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“When a man is tired of London, he is tired of life; for there is in London all that life can afford.”
from Boswell’s Life of Johnson
This is the sort of pudding that had me falling in love with British baking traditions: Simple, heart-warming and bursting with flavours. Perfect after a bracing walk round the Wetland Center in Barnes – where I took this reeds picture.
3 tbsp of golden syrup (or marmelade)
Self-raising flour 175g
Bicarbonate or baking powder 1 small spoonful
3 large eggs
Demerara sugar 175g
(optional : 5 dates soaked in warm water with a drop of vanilla extract or a tbsp of ground ginger)
Crème fraîche or double cream
Butter 1 tbsp
Prepare a pan of boiling water or an electric steamer.
Mix in the food processor: The flour, raising powder, soft butter, whole eggs, sugar and treacle. Scooping out the treacle with a hot spoon, dipped in boiling water, makes it very easy. Add the dates and vanilla or the ginger, if you choose.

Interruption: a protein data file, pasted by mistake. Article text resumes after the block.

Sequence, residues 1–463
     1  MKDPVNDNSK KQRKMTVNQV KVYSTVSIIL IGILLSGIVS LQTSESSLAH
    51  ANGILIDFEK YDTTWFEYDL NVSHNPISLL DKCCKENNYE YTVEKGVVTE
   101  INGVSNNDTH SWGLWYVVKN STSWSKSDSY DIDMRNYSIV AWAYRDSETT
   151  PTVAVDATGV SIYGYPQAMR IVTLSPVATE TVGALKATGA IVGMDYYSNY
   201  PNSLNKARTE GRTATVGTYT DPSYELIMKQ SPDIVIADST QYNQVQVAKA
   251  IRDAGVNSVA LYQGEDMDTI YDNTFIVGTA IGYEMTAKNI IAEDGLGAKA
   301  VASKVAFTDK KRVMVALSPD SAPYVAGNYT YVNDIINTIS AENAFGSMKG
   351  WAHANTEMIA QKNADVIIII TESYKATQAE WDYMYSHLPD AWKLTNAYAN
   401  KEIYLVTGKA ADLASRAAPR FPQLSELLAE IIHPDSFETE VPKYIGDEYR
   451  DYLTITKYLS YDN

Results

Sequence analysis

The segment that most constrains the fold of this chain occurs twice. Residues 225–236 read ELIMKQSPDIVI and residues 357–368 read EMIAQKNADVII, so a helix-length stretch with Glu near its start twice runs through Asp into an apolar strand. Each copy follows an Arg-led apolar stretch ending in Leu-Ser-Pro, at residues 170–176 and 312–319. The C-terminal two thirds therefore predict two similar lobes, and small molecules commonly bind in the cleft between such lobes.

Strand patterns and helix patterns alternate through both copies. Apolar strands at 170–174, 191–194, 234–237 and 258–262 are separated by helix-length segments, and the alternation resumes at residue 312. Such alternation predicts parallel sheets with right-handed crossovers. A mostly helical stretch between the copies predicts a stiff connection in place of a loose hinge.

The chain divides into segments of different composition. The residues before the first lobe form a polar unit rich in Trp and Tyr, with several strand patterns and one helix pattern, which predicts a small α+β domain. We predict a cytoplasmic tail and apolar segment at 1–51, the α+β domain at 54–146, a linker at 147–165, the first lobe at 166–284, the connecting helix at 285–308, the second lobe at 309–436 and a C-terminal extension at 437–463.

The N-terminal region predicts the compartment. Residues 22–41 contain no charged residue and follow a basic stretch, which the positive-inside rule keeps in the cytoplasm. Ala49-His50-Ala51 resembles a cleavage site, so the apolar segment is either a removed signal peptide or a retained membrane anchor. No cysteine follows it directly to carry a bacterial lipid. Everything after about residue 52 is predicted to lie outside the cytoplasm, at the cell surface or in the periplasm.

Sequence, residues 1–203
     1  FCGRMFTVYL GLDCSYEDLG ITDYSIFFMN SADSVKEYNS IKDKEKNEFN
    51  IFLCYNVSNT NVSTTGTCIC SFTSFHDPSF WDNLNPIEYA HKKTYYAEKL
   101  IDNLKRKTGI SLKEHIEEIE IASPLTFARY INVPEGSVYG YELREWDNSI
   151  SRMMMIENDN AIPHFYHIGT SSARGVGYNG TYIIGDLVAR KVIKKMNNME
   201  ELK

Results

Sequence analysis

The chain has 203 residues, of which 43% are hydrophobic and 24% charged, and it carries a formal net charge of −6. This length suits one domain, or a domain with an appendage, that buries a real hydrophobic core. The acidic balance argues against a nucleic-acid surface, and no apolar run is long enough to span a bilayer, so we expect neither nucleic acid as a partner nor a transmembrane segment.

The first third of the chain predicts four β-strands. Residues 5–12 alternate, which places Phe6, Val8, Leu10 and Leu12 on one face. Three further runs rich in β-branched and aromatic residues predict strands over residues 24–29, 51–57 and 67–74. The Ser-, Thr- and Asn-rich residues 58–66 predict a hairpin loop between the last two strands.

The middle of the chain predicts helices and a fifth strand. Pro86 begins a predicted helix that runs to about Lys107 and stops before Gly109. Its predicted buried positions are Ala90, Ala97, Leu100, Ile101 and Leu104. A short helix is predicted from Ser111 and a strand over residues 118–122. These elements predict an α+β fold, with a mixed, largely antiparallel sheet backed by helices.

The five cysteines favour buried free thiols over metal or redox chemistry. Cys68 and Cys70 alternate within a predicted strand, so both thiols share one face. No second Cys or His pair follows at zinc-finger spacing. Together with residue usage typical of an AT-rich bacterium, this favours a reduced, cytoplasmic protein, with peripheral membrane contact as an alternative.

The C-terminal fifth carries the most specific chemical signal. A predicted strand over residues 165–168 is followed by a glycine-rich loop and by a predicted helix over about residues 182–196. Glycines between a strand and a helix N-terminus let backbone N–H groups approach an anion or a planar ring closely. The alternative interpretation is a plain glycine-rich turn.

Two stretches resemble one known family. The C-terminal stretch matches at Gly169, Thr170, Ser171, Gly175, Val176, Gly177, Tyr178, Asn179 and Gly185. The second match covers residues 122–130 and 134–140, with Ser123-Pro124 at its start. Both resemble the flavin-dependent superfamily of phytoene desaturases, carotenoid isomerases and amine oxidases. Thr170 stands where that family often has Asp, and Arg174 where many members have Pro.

Take a ceramic pudding bowl and smear generously with butter. Pour the golden syrup in the bottom. Add the mix. Level with a spoon and cover tightly with foil.
Put in your steamer or in a pan one third full of boiling water for at least two hours- not omitting to check the water level regularly!
Make the sauce by adding all the sauce ingredients to a small pan and heating through. Keep an eye on it until it achieves a nice golden toffee colour.
Take the pudding out and serve hot with a scoop of ice-cream – if you must…
My love affair with Japanese food started when I was a student in Paris, going to Japanese language evening classes after the Sorbonne and popping into Ozu films afterwards with a long-haired philosophy student who shared a love of Spinoza… Then, I learned how to deftly roll out sushis or fry tempura but today I am experimenting with pasta. The very same type of pasta early italian explorers like Marco Polo might have brought back in their luggage !